Send to

Choose Destination
See comment in PubMed Commons below
J Consult Clin Psychol. 1994 Apr;62(2):252-60.

Sexual orientation and gender as factors in socioculturally acquired vulnerability to body dissatisfaction and eating disorders.


This study investigated the hypothesis that gay men and heterosexual women are dissatisfied with their bodies and vulnerable to eating disorders because of a shared emphasis on physical attractiveness and thinness that is based on a desire to attract and please men. Although men place priority on physical attractiveness in evaluating potential partners, women place greater emphasis on other factors, such as personality, status, power, and income. Therefore, lesbians and heterosexual men are less concerned with their own physical attractiveness and, consequently, less dissatisfied with their bodies and less vulnerable to eating disorders. Several instruments measuring body satisfaction, the importance of physical attractiveness, and symptoms of eating disorders were administered to 250 college students. The sample included 53 lesbians, 59 gay men, 62 heterosexual women, and 63 heterosexual men. Multivariate and univariate analyses of variance were used to examine the differences among the scores of lesbians, gay men, heterosexual women, and heterosexual men on these various constructs. The results generally confirmed the research hypothesis. The implications and ramifications these findings have for the understanding of both the psychology of lesbians and gay men and the prevention and treatment of eating disorders are discussed.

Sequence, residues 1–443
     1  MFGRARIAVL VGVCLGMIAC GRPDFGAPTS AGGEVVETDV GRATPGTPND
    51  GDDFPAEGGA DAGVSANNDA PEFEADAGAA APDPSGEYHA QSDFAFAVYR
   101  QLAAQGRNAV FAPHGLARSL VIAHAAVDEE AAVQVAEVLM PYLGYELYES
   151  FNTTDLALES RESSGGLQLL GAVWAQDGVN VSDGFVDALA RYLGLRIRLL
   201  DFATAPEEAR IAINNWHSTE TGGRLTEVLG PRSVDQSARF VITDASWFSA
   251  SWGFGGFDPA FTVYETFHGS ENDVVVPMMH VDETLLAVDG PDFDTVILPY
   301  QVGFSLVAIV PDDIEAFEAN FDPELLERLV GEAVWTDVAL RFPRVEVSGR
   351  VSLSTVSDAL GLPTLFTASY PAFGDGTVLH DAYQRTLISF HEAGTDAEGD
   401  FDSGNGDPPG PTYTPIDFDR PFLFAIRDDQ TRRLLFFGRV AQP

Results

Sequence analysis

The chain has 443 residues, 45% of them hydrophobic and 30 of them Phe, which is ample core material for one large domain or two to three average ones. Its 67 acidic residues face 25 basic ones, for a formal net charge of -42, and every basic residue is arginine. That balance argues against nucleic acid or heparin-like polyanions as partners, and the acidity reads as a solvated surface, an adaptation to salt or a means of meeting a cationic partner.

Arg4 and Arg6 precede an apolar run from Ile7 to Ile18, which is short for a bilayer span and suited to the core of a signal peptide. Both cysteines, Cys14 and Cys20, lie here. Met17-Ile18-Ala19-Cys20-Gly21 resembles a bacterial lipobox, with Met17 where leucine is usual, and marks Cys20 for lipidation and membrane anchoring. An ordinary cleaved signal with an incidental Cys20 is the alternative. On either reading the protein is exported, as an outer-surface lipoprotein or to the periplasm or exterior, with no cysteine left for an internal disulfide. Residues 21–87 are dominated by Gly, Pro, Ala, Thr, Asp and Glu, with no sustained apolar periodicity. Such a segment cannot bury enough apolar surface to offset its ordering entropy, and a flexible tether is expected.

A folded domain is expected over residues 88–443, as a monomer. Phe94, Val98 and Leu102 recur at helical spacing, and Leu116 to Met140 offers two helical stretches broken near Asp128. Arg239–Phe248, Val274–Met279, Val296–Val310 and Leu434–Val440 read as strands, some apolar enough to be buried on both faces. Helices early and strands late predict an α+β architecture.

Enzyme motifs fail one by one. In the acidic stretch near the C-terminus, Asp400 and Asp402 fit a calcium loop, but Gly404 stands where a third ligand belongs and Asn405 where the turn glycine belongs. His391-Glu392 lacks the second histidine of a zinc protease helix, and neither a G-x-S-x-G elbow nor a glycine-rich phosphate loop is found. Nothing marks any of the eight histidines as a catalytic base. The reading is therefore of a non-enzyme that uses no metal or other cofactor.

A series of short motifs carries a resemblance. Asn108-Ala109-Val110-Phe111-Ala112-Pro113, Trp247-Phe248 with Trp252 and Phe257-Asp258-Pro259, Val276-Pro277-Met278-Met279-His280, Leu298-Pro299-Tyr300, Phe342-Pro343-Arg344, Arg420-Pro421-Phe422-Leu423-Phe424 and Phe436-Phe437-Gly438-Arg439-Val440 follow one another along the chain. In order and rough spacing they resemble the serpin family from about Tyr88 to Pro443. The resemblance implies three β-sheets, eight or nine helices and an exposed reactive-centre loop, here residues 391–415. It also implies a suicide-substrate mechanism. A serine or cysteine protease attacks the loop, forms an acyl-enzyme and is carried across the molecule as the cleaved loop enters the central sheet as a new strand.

[Indexed for MEDLINE]
PubMed Commons home

PubMed Commons

How to join PubMed Commons

    Supplemental Content

    Full text links

    Icon for American Psychological Association
    Loading ...
    Support Center